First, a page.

Canada's unofficial national anthem, "The Maple Leaf Forever", by Alexander Muir, is also heard, as well as "O Canada", the de facto Canadian anthem since 1939, and official anthem since 1980.

RecordingEdit

The title song was the B side of a 1942 recording (Decca 4174) by Dick Powell, with Over There as the A side.[21]

Aircraft dispositionEdit

Three of the aircraft used in the flying sequences survive: the wreckage of the Noorduyn Norseman is on display in the Canadian Bushplane Heritage Centre, Sault Ste. Marie, Ontario, Canada; the Fairchild 71 is now displayed in the Alberta Aviation Museum, Edmonton, Alberta, Canada;[9] and the North American NA-64 Yale is in the No.6 RCAF Dunnville Museum, Dunnville, Ontario, Canada.

ReferencesEdit

NotesEdit

  1. ^ The actual registration number, CF-ATZ, can be clearly seen under the fictitious registration on the right wing's upper surface.[11]
  2. ^ Even though it seems unlikely, the secluded location and lack of telephones necessitated the use of homing pigeons obtained locally to send out messages to the other film units.
  3. ^ Hawker Hurricanes were based at RCAF Dartmouth to provide fighter cover for convoys.[15]
  4. ^ However, major portions of the film were not shot using Technicolor's cumbersome Three-Strip system but were instead shot using Technicolor's single-strip color system, which was actually an adaptation of Eastman Kodak's Kodachrome Commercial system, a special low-contrast film, but it was intended for three-color photography with 35mm release prints while employing conventional 35mm cameras and crews, not Technicolor cameras and crews. Disney would later employ Kodachrome Commercial for his "True Life Adventure" series, but 16mm in the Disney case; Kodak was then forbidden from making 35mm single-strip color films for its customers, just as Technicolor was forbidden from making 16mm single-strip color films for its customers, and so prohibition meant that Technicolor had to make 16mm prints on a 35mm base and then reperforate, slit and discard more than 50 percent of that product.
  5. ^ Polito was initially denied entry into Canada because he was an Italian citizen.

CitationsEdit

  1. ^ a b c Warner Bros financial information in The William Shaefer Ledger. See Appendix 1, Historical Journal of Film, Radio and Television, (1995) 15:sup1, 1-31 p 22 DOI: 10.1080/01439689508604551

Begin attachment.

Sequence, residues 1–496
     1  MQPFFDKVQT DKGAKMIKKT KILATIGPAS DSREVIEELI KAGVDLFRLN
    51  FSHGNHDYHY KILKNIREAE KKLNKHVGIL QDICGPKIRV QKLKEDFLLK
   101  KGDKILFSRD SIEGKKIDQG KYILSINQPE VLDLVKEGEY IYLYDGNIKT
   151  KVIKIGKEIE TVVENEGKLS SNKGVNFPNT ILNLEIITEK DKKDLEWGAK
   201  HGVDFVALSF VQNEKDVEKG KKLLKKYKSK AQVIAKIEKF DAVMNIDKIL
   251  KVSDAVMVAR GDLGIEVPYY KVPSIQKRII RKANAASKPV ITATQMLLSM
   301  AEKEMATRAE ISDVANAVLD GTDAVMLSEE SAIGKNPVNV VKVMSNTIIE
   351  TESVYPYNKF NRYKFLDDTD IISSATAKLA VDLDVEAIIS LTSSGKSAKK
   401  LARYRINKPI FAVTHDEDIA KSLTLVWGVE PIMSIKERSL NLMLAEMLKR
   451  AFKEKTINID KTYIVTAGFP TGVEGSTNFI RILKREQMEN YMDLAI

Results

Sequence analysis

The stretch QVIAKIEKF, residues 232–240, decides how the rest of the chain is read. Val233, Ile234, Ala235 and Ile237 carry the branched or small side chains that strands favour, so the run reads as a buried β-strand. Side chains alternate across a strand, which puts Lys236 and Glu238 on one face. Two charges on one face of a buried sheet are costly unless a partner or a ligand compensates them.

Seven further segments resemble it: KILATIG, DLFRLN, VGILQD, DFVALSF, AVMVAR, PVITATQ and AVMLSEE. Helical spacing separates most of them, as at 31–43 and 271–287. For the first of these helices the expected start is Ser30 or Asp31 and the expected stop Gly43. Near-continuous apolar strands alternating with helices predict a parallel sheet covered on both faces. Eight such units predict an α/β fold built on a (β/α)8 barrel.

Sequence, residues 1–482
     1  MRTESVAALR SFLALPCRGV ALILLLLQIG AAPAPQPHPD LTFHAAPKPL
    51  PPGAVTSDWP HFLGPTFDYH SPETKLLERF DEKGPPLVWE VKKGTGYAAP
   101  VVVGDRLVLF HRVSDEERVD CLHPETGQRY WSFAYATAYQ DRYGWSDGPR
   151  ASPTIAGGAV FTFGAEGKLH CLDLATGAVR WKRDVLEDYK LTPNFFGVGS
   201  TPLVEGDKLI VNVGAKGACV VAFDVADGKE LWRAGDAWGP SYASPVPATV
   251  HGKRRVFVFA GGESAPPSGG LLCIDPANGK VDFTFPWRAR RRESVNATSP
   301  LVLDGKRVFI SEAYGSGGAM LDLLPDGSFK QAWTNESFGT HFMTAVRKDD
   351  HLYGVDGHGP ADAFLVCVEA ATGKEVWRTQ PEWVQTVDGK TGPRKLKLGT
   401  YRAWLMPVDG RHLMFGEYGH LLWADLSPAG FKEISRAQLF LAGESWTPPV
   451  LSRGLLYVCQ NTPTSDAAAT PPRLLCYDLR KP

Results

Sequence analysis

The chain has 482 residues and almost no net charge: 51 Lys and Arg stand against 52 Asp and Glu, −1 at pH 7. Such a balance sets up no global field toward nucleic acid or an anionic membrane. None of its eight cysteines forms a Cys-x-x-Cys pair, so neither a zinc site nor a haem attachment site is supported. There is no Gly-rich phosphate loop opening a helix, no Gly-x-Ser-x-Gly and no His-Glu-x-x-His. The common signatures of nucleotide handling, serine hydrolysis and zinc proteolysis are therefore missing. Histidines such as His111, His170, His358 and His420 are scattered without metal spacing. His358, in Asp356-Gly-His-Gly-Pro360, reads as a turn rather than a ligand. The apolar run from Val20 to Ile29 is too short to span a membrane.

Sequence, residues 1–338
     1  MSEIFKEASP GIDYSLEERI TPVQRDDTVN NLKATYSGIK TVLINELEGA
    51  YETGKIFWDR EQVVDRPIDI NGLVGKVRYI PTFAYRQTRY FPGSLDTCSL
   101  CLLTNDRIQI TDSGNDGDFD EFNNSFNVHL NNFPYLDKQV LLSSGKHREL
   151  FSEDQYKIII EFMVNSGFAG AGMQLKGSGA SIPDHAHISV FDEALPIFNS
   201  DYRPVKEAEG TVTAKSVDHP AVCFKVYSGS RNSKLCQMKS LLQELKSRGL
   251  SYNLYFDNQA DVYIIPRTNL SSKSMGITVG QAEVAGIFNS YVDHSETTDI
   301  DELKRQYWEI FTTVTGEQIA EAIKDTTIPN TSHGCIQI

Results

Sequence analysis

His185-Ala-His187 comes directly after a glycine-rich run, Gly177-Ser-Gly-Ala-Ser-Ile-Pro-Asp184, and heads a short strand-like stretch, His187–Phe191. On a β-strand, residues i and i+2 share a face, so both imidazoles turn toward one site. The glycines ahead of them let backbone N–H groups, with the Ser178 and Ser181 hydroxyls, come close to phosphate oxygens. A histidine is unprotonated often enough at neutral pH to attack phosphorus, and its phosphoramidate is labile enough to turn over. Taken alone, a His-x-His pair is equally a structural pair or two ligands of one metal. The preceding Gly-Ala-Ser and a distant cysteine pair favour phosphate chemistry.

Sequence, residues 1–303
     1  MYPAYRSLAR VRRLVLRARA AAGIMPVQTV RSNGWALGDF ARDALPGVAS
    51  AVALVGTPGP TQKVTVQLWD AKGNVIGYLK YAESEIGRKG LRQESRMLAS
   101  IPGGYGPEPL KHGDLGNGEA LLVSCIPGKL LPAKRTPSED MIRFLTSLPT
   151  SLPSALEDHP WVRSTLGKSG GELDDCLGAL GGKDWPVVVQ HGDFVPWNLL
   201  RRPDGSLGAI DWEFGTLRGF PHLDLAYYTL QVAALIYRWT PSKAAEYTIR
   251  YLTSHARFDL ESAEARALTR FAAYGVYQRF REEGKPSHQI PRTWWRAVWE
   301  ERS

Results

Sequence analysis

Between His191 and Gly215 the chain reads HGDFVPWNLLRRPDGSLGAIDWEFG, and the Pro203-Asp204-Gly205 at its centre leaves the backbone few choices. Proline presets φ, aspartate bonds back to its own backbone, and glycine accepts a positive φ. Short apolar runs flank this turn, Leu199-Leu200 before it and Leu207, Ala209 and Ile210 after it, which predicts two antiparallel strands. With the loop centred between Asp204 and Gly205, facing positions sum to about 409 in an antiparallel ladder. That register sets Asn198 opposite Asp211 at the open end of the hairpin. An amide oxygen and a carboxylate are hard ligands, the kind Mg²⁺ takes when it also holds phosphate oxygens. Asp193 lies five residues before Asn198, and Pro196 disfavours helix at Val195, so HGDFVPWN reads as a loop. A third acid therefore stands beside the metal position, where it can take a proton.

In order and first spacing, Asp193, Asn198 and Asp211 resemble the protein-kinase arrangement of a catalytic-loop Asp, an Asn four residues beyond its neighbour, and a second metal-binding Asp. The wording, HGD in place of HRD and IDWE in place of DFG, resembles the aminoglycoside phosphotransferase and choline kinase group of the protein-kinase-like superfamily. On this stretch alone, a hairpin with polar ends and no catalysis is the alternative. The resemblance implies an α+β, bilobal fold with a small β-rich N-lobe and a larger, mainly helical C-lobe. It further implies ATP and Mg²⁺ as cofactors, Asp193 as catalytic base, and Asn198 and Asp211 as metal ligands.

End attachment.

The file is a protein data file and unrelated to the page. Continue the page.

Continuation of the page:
2. ^ "101 Pix Gross in Millions" Variety 6 Jan 1943 p 58
  3. ^ Barris 2005, p. 164.
  4. ^ a b c Mackey, Doug. "North Bay's Big Movie - Captains of the Clouds 1941." pastforward.ca, August 29, 2003.
  5. ^ Dunmore 1994, pp. 264–265.
  6. ^ a b Barris 2005, p. 145.
  7. ^ McElwee, John. "Captains of the Clouds (1942) review." amazon.com. Retrieved: October 6, 2011.
  8. ^ Captains of the Clouds at the American Film Institute Catalog
  9. ^ a b c d Oriss 1984, p. 43.
  10. ^ Barris 2005, p. 151.
  11. ^ "Fairchild 71-C."[permanent dead link]Alberta Aviation Museum. Retrieved: June 7, 2009.
  12. ^ a b c Metcalfe-Chenail 2009, p. 32.
  13. ^ Dunmore 1994, p. 269.
  14. ^ Barris 2005, pp. 154–155.
  15. ^ Fukuto, Joe. "Nazis over Canada." Archived January 16, 2013, at Archive.today Aces of WW2. Retrieved: October 11, 2012.
  16. ^ "Captains of the Clouds: Trivia." IMDb.com. Retrieved: July 28, 2010.
  17. ^ Oriss 1984, p. 44.
  18. ^ Arnold, Jeremy. "Captains of the Clouds (1942) review." Turner Classic Movies. Retrieved: June 7, 2009.
  19. ^ "Captains of the Clouds (awards)." Turner Classic Movies. Retrieved: June 16, 2010.
  20. ^ Jablonski, Edward. Harold Arlen: Rhythm, Rainbows, and Blues. Boston: Northeastern University Press, 1996. ISBN 1-55553-263-2.
  21. ^ Orodenker, M.H. (March 7, 1942). "On the Records". Billboard. p. 66.

BibliographyEdit

  • Barris, Ted. Behind The Glory: The Plan that Won the Allied Air War. Markham, Ontario: Thomas Allen & Son Publishers, 2005. ISBN 0-88762-212-7.
  • Dunmore, Spencer. Wings For Victory. Toronto: McClelland and Stewart, 1994. ISBN 0-7710-2927-6.
  • Captains of the Clouds (DVD). Burbank, California: Warner Home Video, 2007.
  • Dolan, Edward F. Jr. Hollywood Goes to War. London: Bison Books, 1985. ISBN 0-86124-229-7.
  • Hardwick, Jack and Ed Schnepf. "A Viewer's Guide to Aviation Movies". The Making of the Great Aviation Films, General Aviation Series, Volume 2, 1989.
  • Mauro, Rudy. "Captains of the Clouds: A Half-Century's Perspective on the First Canadian Air Epic." Journal of the Canadian Aviation Historical Society, Vol. 29, No. 2, Summer 1991.
  • Mauro, Rudy. "Captains of the Clouds: Filming the Bush Flying Sequences of Canada's First Air Epic." Journal of the Canadian Aviation Historical Society, Vol. 29, No. 3, Fall 1991.
  • Mauro, Rudy. "Captains of the Clouds: A Postscript." Journal of the Canadian Aviation Historical Society, Vol. 33, No. 1, Spring 1995.
  • Mauro, Rudy. "Recovering the 'Cagney Norseman': Salvaging the Remains of CF-AYO after Four Decades." Journal of the Canadian Aviation Historical Society, Vol. 39, No. 1, Spring 2001.
  • Metcalfe-Chenail, Danielle. For the Love of Flying: The Story of Laurentian Air Services. Montreal: Robin Brass Studio, 2009. ISBN 978-1-896941-57-8.
  • Orriss, Bruce. When Hollywood Ruled the Skies: The Aviation Film Classics of World War II. Hawthorne, California: Aero Associates Inc., 1984. ISBN 0-9613088-0-X.

External linksEdit